Mount Washington artist Michael Arata’s exhibit Arataland! is a theme park for adults.
By Kim Axelrod Ohanneson
Rainbow larva. Hello Kitty bombs. Secret pine cone messages.
Such inspired madness may sound like the contents of a precocious and/or demented child’s toy box but in fact, they’re the building blocks of Arataland!, the “mid-career survey of artworks by Mount Washington’s Michael Arata:” a description that, while factually accurate, can’t begin to convey Arata’s mix of the playful and the disconcerting; the observational and the interactive.
Simply put, this show’s a doozy.
The exhibition takes up three floors of the four-story Beacon Arts Building: a warehouse turned exhibition gallery in the burgeoning Inglewood Arts District. The space is vast, but seems barely able to contain the fervid (and sometimes feverish) output of Arata’s fertile imagination.
In fact, Arata, who seems to have art pieces stashed in every nook, cranny and crawl space of his Mount Washington home and his Highland Park studio, confesses that at one point, he stopped showing his past work to curator Doug Harvey because he feared they were running out of time to mount the show. (Arata also nixed Harvey’s suggestion that he build a large scale recreation of his Rainbow on the exterior wall of the Beacon Arts Building.) Despite Arata’s preemptive selectivity, curator and artist had to exercise the option for the top floor and negotiate for the second floor to house all of the work.
The collaboration between Arata and Harvey is the second in the Beacon’s Curators-as-Critics series, which is the gallery’s inaugural art exhibition series initiated by Beacon Arts Director Renee Fox. In his catalogue essay for Arataland!, Harvey, who has chronicled the Los Angeles art scene for almost two decades (including a 13-year-stint as the L.A. Weekly‘s art critic), describes Arata as an artist whose work falls in the category of “Theme-Parkism”: an immersive, interactive body of work that “rewards the viewer on multiple sensory and intellectual levels.”
What that means experientially is that you’re hooked from the moment you walk in the ground-floor door of the Beacon Arts Building.
Each level has a designation — participatory viewers ascend from “Negativespaceland” to “Innocenceland” to “ItsComplicatedland” – and Arataland! beguiles and bewitches as thoroughly and as efficiently as the Happiest Place on Earth. That is, as long as you’re prepared to swap out the garish pastels, faux foreigners, and animatronic tourism of Disney’s “It’s a Small World” for the primary colors, the Victoria’s Secret models, and the googly eyes of the “Pet Spaces” installation.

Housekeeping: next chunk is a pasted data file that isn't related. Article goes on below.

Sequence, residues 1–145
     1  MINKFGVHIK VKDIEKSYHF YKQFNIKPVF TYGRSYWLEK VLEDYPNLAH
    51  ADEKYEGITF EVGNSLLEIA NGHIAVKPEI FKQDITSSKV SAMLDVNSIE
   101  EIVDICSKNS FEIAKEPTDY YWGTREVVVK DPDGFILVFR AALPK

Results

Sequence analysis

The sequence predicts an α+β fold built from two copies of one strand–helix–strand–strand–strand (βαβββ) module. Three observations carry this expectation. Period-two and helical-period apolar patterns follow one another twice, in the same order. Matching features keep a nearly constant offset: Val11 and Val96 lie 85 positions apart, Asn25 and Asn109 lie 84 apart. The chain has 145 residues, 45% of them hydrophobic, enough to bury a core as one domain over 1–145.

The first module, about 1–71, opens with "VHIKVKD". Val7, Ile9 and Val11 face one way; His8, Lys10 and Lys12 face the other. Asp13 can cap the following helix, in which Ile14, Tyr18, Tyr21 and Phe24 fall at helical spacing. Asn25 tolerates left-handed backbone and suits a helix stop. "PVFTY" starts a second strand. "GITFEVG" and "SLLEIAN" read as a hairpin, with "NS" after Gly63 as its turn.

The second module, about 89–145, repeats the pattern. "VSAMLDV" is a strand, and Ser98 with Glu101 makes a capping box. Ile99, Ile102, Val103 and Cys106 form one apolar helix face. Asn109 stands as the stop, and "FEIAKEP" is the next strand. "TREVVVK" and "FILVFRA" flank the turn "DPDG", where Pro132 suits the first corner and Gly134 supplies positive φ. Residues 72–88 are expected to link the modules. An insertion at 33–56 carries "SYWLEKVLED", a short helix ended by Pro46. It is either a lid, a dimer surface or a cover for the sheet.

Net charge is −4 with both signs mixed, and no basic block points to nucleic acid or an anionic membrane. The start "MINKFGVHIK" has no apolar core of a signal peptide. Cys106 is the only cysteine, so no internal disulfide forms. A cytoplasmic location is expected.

The artist is as engaging as his art; conversations with Arata have the same undertone of dark humor as his work, not to mention a tendency to veer off into wildly entertaining tangents. During a recent coffee-fueled chat in the Kite Hill, canyon-adjacent aerie where Arata lives with his wife and daughter, topics ranged from his crush-of-succulents garden (“I like them because they’re structural. And they’re easy to take care of. I’m probably killing them by watering them.”), to moles (“They creep me out because they’re blind. Also, they have no tails so you can’t pick them up.”), to Dungeons & Dragons and True Blood (“I’m interested in why this kind of fantasy is so popular right now. I think it might be a substitute for…conventional religion.”)
Arata himself has conscripted religion in the name of art; in his 1993 Angels series, he replaces lofty seraphim with cheeky, cuddly, smelly “angel larva.” Consequently, it makes sense that he’s intrigued by the “cult…of vampire, magic and aliens fantasy” as substitute spirituality and that he’s interested in exploring it in his future work.
Pondering the genre’s popularity, Arata wonders if “it’s [the appeal of] being able to play a role and then switch back to other clothes.” Or maybe it’s just that “people want to believe there are more possibilities.”
One visit to Arataland! and it’s clear that vampires, magic and “aliens” would fit right in. Luckily, Beacon Arts Building has another floor….
For the closing reception of Arataland!, there will be a catered brunch and a critics panel discussion from 1:00 – 4:00 p.m. Arataland! runs through Sunday, May 22nd, 2011, at Beacon Arts Building, 808 La Brea Avenue, Inglewood, CA 90302. (310) 621-5416.